9 | Utilize an Interview Study Guide

An interview study guide is an invaluable tool you can use to refresh your memory and perform last-minute prep on the day of your interview or any travel or downtime leading up to it. It will ensure you present yourself professionally and are ready for whatever the day throws at you.

An interview study guide includes important points to review right before your interview. It should include your application, a few unique notes about the school, any research publications, and a document of common interview questions with bullet points of how you want to answer. This document is particularly useful when it comes to current hot topic issues in the medical field, such as COVID-19 and vaccines or AI’s impact on healthcare.

The study guide will also include notes to help you improve after each interview. After a multiple mini interview, write down exactly what you faced in each of the stations, what you struggled with, and what you excelled at. This way, when you face another MMI, you’ll be able to read through your guide for insight into what you can expect and how you can improve your performance.

Continually update your interview study guide after every interview to ensure you’re as prepared as possible for the next one.

Learn how to Create an Interview Study Guide.

10 | Warm Up Before Your Interview

Woman preparing Face and Vocal Exercises

You wouldn’t run a 100-meter dash or deadlift 300 lbs before warming up, would you? If you don’t warm up, you could make a mistake and injure yourself.

The same is true of interviews. While you very likely won’t sprain your tongue or sustain any kind of physical injury by ignoring facial and vocal warm ups pre-interview, you could severely damage your chances of medical school acceptance by slouching and mumbling your way through.

In order to feel as confident and prepared as possible, you must warm up your body, face, and voice before an interview to ensure you feel and project confidence.

Vocal warm-ups like tongue twisters help to ensure you enunciate and speak clearly. Without them, it’s easy to trip over your words or mumble. Your interviewer has enough to do without asking you to repeat yourself again and again.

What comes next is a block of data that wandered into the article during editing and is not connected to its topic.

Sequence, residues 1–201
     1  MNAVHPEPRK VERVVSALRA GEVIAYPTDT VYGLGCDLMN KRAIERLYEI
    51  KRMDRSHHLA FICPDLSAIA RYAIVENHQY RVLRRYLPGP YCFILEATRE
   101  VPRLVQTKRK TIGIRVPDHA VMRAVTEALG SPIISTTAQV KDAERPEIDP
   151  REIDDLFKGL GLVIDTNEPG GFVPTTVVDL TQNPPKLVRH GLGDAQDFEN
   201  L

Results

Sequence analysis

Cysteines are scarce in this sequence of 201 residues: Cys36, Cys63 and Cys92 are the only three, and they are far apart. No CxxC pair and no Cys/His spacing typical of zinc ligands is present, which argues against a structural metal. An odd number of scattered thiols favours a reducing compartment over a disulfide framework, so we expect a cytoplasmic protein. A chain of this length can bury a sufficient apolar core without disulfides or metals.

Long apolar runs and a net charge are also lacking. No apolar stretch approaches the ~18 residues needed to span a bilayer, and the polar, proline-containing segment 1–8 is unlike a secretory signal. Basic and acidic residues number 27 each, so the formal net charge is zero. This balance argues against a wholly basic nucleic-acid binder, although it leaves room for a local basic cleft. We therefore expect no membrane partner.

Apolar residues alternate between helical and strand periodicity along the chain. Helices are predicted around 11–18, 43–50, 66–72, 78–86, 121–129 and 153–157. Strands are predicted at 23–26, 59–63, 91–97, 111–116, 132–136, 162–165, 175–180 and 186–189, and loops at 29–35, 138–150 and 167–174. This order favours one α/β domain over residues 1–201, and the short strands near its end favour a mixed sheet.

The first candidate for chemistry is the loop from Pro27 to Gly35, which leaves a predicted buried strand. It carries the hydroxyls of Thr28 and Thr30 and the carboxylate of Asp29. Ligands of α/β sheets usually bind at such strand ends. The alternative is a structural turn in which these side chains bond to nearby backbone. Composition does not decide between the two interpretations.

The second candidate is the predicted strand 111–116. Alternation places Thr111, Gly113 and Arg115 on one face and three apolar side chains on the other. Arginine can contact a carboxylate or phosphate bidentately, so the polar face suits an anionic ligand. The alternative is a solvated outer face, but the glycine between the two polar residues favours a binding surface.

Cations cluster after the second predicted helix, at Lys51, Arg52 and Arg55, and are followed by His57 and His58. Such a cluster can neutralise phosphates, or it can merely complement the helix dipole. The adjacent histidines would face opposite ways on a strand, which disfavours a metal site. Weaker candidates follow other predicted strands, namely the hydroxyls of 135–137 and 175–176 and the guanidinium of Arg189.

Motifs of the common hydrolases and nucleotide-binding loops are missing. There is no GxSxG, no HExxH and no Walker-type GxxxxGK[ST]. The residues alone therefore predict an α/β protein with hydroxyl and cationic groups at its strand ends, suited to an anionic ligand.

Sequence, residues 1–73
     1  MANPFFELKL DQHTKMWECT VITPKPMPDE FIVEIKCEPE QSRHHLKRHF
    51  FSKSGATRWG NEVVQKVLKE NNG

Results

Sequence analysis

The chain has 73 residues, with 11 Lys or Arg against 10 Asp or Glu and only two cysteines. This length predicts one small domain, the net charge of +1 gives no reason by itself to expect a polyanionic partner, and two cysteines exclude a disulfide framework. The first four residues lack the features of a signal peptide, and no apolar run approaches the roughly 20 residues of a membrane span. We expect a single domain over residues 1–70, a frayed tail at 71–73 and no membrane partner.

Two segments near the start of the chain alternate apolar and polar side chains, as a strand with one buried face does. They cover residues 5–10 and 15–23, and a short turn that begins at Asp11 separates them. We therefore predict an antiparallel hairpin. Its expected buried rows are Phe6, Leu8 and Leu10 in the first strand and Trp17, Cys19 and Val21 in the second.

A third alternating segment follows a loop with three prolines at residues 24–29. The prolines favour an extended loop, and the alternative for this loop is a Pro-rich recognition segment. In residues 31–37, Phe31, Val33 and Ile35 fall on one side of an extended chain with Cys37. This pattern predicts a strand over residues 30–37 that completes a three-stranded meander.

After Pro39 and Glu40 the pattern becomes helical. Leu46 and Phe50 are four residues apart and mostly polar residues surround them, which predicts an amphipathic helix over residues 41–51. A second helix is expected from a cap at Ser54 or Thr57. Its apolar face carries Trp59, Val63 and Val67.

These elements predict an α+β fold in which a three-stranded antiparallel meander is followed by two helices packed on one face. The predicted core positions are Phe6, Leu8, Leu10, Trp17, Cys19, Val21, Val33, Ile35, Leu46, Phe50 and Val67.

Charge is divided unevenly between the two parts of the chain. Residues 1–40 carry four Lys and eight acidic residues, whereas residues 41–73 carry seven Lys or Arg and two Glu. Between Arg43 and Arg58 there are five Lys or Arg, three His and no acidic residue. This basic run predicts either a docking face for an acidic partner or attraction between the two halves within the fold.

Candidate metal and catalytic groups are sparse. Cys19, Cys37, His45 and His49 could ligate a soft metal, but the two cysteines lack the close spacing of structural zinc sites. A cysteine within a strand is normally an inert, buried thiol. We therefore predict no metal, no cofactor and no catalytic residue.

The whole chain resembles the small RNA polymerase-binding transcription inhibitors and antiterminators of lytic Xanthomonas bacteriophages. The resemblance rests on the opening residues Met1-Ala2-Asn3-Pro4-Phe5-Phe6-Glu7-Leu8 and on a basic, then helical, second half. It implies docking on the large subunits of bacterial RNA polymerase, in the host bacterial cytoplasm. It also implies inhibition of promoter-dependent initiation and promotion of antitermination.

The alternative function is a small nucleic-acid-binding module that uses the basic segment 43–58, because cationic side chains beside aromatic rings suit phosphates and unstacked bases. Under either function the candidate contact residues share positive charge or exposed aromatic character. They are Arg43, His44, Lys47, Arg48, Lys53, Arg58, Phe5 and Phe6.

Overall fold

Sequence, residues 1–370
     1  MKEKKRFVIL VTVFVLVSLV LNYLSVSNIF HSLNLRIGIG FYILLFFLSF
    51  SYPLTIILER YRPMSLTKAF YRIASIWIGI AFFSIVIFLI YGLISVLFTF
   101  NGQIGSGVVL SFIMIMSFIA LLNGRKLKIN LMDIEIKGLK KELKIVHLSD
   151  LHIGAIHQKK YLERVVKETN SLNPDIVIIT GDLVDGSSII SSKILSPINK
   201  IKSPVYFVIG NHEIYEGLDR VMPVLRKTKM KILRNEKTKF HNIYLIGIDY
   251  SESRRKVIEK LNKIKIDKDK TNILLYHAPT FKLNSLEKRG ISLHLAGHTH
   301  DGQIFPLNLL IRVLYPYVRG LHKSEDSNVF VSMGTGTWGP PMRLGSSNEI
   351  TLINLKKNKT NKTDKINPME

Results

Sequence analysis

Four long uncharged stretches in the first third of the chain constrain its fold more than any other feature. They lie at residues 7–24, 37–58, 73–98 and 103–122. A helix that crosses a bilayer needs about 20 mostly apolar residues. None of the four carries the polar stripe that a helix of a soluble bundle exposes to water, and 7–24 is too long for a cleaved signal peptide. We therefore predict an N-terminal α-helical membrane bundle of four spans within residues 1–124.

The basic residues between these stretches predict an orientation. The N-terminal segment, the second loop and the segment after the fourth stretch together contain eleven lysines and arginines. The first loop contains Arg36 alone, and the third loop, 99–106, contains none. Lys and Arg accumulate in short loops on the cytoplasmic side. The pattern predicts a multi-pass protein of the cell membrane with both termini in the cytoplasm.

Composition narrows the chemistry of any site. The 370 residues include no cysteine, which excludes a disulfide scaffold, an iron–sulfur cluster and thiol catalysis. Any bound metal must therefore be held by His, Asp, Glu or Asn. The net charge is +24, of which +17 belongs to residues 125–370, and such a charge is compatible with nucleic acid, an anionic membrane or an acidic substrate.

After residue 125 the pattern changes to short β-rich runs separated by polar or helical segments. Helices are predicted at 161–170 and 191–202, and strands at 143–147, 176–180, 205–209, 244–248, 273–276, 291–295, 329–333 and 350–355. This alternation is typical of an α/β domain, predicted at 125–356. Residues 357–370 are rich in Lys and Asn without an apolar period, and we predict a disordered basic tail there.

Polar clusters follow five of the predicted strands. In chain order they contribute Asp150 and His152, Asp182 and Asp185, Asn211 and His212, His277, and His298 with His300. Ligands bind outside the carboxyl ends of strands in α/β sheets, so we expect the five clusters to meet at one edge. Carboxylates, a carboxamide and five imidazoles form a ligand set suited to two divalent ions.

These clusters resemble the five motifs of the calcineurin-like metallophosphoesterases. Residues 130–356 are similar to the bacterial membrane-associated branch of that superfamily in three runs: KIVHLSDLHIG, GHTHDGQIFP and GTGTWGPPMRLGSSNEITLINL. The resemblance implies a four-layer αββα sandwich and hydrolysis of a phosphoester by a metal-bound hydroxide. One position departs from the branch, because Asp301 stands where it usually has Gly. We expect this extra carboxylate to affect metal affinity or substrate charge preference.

Facial warm-ups involve a few simple face yoga exercises, such as rapidly switching between big, exaggerated faces and small pinched ones. Make a face like you’ve just seen a ghost, and then do your best impression of a small fish or make a face like you’ve just bitten into a lemon.

This gets your blood flowing and eases up the tense muscles in your face, making you appear more natural, approachable, and confident. (Note that if you’re wearing makeup, check your face for lines after completing facial warm-ups.)

Vocal exercises, facial warm-ups, and correct posture help you to speak clearly and look more confident. Check out our guides on Face and Vocal Exercises to Perform Before Interviews and How to Improve Your Interview Confidence.


Take Your Multiple Mini Interview Prep to the Next Level

Early practice and consistent preparation will give you the confidence you need to impress each of your multiple mini interviewers. By starting early, you’ll have a better understanding of just how much MMI prep time is needed to succeed.

Even if you’re confident in a regular interview setting, multiple mini interviews are a different beast entirely. A mock interview will put your MMI skills to the test in a pressured environment that simulates the types of situations you’ll face on interview day. Med School Insiders offers mock interviews with former interviewers who provide insightful, direct feedback on your performance—feedback you can use to improve before interview day.

The Med School Insiders blog holds dozens of guides on the medical school interview process, including on how to effectively schedule interviews, reduce interview costs, and prepare on the day of your interview.